Affordability and adequate electric regulation

The third barrier to the use of the SHS is its affordability for end-users. There is no point in an initiative that is not affordable for the families that it sets out to help. To make sure that users could afford to use the SHS, PEME conducted socioeconomic field surveys on a significant sample of the population. The decision taken was to charge a monthly payment of around $5. They settled on this amount as most of the potential end-users were already spending an equivalent amount on candles, kerosene, batteries, battery charging, etc., which means that the new lighting systems – in addition to being more efficient and involving less risk – represent a financial savings for the majority of users. Moreover, the payments provide a total income that allows PEME to meet the costs of their commitments. The fact that the initial investment is a donation, and therefore not considered the return on investment, allows PEME to set a very affordable fee.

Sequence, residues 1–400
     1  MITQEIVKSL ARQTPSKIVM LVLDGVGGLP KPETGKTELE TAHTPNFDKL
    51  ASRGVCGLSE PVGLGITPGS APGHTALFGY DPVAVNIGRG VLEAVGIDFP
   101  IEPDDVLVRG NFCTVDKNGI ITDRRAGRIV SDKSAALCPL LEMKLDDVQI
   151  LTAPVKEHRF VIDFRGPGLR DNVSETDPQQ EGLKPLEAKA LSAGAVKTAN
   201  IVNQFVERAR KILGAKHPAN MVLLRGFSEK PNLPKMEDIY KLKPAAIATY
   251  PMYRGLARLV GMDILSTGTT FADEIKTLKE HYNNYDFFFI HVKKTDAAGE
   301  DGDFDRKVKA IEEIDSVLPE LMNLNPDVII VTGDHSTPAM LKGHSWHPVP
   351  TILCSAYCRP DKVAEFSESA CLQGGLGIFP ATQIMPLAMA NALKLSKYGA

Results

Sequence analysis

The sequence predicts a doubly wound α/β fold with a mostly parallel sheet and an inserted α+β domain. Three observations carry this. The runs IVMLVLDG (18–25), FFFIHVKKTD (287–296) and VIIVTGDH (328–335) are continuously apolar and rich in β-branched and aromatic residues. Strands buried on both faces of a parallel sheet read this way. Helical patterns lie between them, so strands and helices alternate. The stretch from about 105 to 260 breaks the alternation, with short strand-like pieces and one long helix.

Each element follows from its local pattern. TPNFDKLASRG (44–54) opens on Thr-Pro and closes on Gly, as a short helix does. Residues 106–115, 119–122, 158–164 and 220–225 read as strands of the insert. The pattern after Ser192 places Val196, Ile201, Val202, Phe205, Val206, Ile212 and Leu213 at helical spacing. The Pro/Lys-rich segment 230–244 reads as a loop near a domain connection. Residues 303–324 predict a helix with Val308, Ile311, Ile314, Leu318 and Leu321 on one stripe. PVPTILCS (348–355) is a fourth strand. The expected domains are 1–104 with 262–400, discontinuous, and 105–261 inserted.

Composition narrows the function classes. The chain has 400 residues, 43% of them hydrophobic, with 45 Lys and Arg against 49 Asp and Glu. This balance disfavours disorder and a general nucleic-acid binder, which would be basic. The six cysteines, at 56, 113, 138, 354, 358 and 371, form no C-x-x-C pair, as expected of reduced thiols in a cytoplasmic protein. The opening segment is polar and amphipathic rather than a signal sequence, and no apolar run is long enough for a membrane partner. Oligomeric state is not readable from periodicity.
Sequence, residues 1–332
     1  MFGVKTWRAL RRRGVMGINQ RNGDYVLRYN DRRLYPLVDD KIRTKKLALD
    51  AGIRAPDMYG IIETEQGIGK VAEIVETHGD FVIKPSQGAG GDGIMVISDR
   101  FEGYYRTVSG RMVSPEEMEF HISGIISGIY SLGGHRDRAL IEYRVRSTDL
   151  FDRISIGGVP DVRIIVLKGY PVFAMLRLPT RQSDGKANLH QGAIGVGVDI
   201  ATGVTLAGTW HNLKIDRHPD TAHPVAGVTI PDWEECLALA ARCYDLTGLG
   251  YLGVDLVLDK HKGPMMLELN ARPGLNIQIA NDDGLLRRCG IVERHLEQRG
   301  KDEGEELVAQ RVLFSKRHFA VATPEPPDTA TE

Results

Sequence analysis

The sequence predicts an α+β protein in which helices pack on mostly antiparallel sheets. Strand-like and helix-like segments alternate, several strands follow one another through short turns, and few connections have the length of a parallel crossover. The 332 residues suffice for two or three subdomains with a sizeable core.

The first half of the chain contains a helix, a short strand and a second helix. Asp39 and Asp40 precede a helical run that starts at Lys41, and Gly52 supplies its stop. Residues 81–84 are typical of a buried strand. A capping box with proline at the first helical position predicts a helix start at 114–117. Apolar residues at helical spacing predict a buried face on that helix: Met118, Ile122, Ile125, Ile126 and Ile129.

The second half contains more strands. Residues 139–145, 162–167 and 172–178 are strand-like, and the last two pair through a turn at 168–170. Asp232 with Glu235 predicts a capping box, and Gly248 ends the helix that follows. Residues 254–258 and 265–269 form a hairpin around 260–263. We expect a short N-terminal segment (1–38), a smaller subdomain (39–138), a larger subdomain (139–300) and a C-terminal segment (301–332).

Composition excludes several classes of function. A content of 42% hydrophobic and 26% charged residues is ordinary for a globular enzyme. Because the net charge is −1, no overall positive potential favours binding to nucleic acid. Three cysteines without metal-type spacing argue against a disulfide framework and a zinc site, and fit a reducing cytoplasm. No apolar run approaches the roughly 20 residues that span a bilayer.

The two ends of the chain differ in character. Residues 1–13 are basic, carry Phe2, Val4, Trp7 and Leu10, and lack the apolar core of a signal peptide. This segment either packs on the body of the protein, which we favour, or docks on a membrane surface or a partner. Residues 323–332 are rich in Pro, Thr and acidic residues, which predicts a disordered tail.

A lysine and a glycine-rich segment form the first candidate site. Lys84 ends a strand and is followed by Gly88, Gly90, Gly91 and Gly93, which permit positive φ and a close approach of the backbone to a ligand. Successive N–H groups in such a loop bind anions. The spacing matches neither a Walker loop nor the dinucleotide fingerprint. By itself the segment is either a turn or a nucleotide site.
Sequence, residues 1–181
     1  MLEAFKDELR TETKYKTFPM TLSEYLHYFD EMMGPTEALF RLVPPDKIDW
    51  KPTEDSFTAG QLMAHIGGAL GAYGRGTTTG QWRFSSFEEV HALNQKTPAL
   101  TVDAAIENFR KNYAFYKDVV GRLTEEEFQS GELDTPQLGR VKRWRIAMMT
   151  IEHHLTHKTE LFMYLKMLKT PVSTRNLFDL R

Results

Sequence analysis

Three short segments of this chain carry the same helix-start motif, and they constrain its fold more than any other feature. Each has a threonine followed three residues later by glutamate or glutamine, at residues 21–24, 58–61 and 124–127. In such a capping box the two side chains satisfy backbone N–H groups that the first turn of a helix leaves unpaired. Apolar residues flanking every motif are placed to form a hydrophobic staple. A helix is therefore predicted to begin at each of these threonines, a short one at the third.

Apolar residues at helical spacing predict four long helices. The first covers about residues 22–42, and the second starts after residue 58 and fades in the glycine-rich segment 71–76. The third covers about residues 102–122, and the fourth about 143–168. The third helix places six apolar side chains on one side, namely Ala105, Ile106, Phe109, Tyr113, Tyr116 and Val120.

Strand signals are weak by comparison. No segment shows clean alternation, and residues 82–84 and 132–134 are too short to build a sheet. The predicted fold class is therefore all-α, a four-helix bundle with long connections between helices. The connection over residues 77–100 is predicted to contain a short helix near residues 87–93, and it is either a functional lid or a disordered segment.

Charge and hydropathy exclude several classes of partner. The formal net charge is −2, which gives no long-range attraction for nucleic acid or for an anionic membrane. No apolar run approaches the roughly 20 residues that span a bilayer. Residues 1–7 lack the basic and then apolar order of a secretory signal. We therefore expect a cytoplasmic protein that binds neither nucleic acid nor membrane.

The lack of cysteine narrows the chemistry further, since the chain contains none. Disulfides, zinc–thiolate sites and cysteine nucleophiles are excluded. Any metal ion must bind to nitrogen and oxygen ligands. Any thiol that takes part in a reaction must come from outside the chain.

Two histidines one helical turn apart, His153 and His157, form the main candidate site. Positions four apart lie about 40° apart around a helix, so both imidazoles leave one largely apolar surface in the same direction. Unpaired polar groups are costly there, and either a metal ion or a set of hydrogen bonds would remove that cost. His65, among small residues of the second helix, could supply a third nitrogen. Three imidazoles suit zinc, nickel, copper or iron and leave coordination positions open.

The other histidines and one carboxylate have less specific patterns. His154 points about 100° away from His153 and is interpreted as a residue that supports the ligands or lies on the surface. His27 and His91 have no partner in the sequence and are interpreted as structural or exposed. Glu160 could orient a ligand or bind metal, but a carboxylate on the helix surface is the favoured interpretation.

Barriers and solutions for nonconventional rural electrification

Barriers ACCIONA Microenergy Foundation solutions
High Initial Investment Donation from promoters and others
Sustainability Nonprofit service company with a fee-for-service model
Affordability • Fee related to actual cost paid for substitutes -No regulatory discrimination in relation to on-grid electrification (same subsidies)

• No regulatory discrimination in relation to on-grid electrification (same subsidies)

In Peru, networked users in poor households with a low energy consumption benefit from a cross-subsidy called FOSE, which covers about 60 percent of the charges. This type of poor family pays only 40 percent of the charges. However, SHS users are not eligible for this allowance, despite being a needier group. In late 2009, the Ministry of Energy and Mines of Peru amended the regulation of the Rural Electrification Act to consider nonconventional rural electrification and development of photovoltaic rates. This regulatory reform will, once developed, lower the fees paid by end-users of an SHS, and represents a significant cost-savings for these families.

Participation of the beneficiaries